Daring to dream and making that dream happen is half the battle—or so the famous adage says (we put a spin to that, but essentially, you surely get the point). No matter how seemingly impossible it is to have your own warehousing and distribution business, it can come true if only you have the guts to make everything real and running. “Entrepreneurs have many available opportunities when starting a small warehouse business. Many small businesses or independent contractors do not have the space for storing their products. Their options may be huge warehouse facilities, which are extremely expensive, or impractical self-storage units. To keep costs down when starting a warehousing business, you must determine what types of products you want to store, such as paper products, books or electronics, to determine the building size you need,” wrote Rick Suttle in his article titled How to Start a Warehousing Business
Starting your own warehouse business means you have to begin researching how the industry is running—as surely, there are other already successful warehousing companies and fullfilment centre that you need to compete with in your area. Rick Suttle further shared, “The average warehouse business costs between $10,000 and $50,000 to set up. You will want to obtain some initial background information about the warehousing industry before starting your venture. Start by searching the yellow pages or other business listings in your area for warehousing companies. Visit their websites to determine what services they offer, and the types of customers they serve. Call warehousing companies outside your city as they are more likely to discuss various issues they face or pitfalls to avoid when getting started. Visit these warehouses so you can better understand how the operations work. Target small businesses who may need warehousing services, such as small book distributors. Create your own niche in the market by differentiating your services from competitors.”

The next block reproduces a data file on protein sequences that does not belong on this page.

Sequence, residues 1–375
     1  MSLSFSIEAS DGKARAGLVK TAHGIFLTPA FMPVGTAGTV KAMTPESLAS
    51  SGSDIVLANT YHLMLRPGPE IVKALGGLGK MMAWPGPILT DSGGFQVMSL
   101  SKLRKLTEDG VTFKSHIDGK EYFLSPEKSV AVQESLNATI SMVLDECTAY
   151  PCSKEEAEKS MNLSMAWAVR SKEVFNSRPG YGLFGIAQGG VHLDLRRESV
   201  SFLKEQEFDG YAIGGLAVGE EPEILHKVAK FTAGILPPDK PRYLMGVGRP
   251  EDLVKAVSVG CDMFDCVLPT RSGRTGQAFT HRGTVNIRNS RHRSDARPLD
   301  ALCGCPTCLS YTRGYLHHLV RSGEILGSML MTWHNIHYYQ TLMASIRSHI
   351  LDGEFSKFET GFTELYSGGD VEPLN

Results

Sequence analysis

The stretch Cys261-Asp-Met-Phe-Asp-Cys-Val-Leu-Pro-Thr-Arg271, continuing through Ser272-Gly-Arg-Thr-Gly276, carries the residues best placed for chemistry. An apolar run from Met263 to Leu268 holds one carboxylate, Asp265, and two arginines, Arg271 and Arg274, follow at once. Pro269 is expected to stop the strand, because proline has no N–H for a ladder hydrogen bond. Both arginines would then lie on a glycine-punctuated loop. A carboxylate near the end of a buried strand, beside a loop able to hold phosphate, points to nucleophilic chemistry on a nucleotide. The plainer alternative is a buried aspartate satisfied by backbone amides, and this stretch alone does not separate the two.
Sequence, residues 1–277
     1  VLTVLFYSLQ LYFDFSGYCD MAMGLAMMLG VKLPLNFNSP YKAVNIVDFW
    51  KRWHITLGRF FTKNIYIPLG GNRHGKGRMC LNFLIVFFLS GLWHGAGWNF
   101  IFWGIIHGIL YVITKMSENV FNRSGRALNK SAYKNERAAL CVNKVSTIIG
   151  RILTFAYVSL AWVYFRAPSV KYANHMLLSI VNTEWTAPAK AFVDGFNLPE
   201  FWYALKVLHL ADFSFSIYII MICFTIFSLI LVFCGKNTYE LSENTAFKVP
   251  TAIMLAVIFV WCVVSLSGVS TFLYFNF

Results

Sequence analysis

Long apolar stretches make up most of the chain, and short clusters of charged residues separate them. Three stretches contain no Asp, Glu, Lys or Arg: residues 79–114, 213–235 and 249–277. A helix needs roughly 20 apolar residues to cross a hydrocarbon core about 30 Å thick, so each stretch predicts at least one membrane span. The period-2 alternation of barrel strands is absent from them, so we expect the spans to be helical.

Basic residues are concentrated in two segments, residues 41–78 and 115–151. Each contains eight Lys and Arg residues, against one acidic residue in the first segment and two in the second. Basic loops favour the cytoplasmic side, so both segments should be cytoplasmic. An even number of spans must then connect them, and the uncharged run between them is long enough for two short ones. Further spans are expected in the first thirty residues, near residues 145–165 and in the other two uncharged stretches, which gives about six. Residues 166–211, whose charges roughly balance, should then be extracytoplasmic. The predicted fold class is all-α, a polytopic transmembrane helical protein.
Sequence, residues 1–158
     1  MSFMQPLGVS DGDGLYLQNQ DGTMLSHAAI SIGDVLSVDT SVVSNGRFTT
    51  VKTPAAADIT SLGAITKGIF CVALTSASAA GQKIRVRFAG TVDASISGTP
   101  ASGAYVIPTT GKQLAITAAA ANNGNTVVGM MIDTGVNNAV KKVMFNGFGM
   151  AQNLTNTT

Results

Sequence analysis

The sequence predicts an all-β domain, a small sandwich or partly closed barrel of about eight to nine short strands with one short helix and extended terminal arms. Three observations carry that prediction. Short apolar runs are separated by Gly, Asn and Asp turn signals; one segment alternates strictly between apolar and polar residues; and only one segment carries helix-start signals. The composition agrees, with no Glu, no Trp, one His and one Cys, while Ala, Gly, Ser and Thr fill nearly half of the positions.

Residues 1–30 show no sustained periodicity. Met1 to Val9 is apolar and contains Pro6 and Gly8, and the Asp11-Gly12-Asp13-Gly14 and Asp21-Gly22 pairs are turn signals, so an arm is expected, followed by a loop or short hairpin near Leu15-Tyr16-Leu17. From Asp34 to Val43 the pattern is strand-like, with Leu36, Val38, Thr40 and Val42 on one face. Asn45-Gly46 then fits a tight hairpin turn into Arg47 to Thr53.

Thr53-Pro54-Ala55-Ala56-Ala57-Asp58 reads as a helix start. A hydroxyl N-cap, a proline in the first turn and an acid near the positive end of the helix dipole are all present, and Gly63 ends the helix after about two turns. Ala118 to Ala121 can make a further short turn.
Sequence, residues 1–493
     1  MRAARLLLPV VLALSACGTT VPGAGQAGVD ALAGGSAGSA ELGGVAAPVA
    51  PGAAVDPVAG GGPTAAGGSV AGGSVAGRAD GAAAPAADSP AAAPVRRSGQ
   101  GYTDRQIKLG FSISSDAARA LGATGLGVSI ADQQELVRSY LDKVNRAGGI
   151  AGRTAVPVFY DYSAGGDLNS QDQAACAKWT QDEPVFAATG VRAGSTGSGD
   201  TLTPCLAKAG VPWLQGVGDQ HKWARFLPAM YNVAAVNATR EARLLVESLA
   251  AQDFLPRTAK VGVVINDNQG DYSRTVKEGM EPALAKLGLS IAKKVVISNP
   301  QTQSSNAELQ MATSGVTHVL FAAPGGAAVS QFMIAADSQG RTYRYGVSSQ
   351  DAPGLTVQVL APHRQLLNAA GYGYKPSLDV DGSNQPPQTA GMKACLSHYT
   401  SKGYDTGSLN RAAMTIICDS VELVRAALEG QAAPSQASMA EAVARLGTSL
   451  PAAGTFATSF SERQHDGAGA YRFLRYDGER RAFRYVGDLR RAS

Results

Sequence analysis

The second best step to take—once you have already researched about the inner workings of the other warehousing businesses and upon learning about some product that are often in need of fulfillment services—is to secure the necessary licenses and permits for the business. Never get yourself into anything not legit or you will just waste all the good ideas, investments, and good intentions. You may register for a DBA should you prefer to utilize a fictitious name for your company.
Third is to raise the necessary capital for the warehouse and distribution business. Will you be leasing an already existing building or will you construct your own? How many storage units can you initially purchase? How about the inventory software? You might also want to start screening people to join you in the workforce. How much will their salary be? What other equipment would you need to buy to get the business running? It seems like a lot of work but everything is doable if you have the time and patience to get down to the details.
Lastly, find out where to find the clients. Since you are already busy with the other concerns of the business start-up, you might need a marketing team to assist you in this stage of your business journey. Will you go for advertisement on prints? Are billboards are an option? How about simple starting with basic flyers and brochures firsts? Or go one-time big-time with commercials? The choice is yours. Just make sure you have enough budget for this or your setting yourself to fail. Be pragmatic and always take calculated risk to avoid getting bankrupt even before breaking even with the investment you gambled on.